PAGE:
The number one reason why we hear internships go poorly is a mismatch in expectations by the company, and what the intern can deliver. Make no mistake, interns are by their very nature junior level candidates, with potentially some on the cusp of senior status. Even within internship candidates, there's a diverse range of experience in the applicants that you'll receive. It's important to both acknowledge that you are looking at a junior level hire, and to expect to pay according to the specific candidate's experience.
You should expect to spend less money on average on an intern compared to a full-time hire, however every intern has their own level of experience and it's important to adjust your salary negotiations with that in mind, especially when competing against other companies for the same talent.
2. You don't have bandwidth to provide direction or guidance.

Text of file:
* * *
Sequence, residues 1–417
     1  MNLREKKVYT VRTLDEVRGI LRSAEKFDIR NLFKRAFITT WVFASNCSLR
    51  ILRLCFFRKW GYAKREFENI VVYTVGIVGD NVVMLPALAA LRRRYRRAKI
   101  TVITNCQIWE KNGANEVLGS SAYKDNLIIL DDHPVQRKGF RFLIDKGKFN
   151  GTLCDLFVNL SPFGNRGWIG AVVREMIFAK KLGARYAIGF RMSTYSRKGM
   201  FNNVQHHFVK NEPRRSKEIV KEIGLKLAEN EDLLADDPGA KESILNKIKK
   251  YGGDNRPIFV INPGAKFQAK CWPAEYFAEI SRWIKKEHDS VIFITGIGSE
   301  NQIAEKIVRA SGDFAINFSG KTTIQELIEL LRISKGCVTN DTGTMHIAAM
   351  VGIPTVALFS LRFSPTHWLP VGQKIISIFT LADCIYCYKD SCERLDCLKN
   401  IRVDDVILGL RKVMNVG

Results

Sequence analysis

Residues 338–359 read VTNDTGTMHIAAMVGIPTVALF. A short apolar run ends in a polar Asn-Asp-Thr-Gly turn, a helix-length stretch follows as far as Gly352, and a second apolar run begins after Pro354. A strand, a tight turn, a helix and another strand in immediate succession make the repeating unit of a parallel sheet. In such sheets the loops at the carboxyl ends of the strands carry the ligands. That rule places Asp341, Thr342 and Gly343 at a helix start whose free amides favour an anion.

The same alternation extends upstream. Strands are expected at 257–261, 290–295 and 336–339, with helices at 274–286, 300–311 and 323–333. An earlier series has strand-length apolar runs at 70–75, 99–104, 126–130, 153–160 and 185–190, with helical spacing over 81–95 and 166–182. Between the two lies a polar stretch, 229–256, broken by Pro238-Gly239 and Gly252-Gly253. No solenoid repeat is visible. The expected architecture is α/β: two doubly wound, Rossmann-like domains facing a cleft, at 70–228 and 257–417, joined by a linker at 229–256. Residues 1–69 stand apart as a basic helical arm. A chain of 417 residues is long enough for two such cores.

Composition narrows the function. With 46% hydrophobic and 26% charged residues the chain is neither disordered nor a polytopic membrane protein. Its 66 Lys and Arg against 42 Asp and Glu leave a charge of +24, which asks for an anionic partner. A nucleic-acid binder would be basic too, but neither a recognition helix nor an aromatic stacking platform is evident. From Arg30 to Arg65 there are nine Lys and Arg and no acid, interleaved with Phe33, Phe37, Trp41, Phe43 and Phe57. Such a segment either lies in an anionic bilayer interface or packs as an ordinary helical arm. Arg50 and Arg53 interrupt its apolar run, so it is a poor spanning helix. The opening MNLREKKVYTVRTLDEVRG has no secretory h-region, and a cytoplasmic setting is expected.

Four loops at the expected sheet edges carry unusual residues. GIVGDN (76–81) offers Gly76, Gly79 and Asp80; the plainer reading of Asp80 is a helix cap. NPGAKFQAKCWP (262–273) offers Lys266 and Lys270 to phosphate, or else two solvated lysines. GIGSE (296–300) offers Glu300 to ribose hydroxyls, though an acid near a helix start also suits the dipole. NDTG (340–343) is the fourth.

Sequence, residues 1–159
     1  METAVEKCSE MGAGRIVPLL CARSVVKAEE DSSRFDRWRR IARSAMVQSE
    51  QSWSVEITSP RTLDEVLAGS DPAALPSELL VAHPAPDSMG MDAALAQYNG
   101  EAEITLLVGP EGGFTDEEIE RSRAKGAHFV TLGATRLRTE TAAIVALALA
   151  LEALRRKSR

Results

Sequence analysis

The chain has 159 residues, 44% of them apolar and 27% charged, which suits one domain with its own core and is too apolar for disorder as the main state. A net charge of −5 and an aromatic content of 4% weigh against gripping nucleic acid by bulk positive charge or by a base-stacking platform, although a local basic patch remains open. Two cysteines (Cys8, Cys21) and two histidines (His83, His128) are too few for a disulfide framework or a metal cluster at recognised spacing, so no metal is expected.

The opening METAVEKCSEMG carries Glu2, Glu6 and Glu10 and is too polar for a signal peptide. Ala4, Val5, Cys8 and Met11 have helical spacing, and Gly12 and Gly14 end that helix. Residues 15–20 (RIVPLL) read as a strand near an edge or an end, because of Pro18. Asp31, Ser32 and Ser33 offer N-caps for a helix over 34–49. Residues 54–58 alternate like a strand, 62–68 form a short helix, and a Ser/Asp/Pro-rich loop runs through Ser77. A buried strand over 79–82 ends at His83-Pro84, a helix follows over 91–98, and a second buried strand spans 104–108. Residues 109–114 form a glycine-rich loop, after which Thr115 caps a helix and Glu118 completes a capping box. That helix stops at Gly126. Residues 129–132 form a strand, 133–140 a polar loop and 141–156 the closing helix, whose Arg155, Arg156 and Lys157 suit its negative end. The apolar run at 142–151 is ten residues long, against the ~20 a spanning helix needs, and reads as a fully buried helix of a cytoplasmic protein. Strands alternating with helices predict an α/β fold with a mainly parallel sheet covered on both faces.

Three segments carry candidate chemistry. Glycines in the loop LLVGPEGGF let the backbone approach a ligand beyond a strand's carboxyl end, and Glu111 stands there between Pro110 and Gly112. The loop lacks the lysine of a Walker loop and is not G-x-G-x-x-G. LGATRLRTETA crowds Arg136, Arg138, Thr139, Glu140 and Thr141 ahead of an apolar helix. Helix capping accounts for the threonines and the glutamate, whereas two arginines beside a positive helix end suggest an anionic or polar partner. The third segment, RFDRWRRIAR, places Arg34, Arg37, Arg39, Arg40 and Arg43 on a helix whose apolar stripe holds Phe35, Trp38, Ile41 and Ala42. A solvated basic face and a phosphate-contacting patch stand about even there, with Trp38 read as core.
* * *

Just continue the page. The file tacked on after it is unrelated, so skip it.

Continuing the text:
Interns are junior level hires, and do require more guidance in their role compared to more senior candidates. Even if you do hire an intern who is well versed in their skillset, the intent of an internship from a student side is still to gather valuable knowledge and work experience. It's important for any company that is looking to hire an intern to make sure that they have a plan for what both the company and the intern will receive from the employment experience going in, and that all parties understand what the plan entails. After all, it's a learning experience in the end, no matter how much autonomy the intern is capable of. If you're looking for specific tips and guidelines on how to run a successful internship program, do check out our guide here.
3. You don't have specific contained projects for an intern to work on independently.